Legislation Assembly Consumer Affairs Committee Vice-Chair Patrick J. Diegnan Jr. and Assemblyman Benjie Wimberly sponsored to require coin redemption machines to disclose fees advanced in the Senate on Monday with approval from the Senate Commerce Committee.
The bill (A-1462) would prohibit operators of machines that sort and count a consumer’s coins and provide cash in exchange from charging a fee for the service unless a notice advertising the fee is prominently posted on the machine. The legislation also would require a notice to be posted if coins cannot be refunded once deposited.
“When consumers go to a kiosk to trade in loose change for bills, they reasonably expect to walk away with the same amount of money they brought in. Unfortunately, it’s too often the case that – unbeknownst to many consumers until it’s too late – for every hard-earned dollar they put in, the machine takes a dime,” said Diegnan (D-Middlesex).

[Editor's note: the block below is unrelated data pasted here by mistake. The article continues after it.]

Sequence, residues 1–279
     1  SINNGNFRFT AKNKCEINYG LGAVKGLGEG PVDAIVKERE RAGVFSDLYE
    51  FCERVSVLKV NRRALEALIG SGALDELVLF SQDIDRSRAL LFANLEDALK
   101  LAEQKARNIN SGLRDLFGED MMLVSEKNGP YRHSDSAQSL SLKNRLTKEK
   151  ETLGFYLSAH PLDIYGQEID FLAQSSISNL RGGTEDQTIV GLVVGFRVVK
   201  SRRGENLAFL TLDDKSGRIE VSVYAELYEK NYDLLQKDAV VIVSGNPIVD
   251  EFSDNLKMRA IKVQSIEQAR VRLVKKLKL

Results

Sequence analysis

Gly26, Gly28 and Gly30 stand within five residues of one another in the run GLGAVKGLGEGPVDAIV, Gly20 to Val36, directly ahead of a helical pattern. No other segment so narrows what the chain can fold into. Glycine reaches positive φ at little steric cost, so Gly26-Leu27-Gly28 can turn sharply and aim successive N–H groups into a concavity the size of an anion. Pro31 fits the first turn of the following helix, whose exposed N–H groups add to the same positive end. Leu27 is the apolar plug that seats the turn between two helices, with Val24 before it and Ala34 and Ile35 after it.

“Under the guise of providing a convenient service, the operators of these machines deceive consumers, capitalizing especially on those who may not have access to banks or credit unions that provide the same service free of charge,” Wimberly (D-Bergen, Passaic). “This legislation is simply about empowering consumers to make the best choices about what they do with their money.”
The first violation of the bill’s provisions would be considered disorderly conduct and carry fine of up to $1,000. Failure to comply with the bill’s provisions thereafter would constitute an unlawful practice under the New Jersey Consumer Fraud Act. An unlawful practice carries a maximum penalty of $10,000 for a first offense and $20,000 for any subsequent offense.
It was released by the Assembly Consumer Affairs Committee on September 19. The measure was approved 70-0-2 in September 29. The measure will now go to the Senate President for further consideration.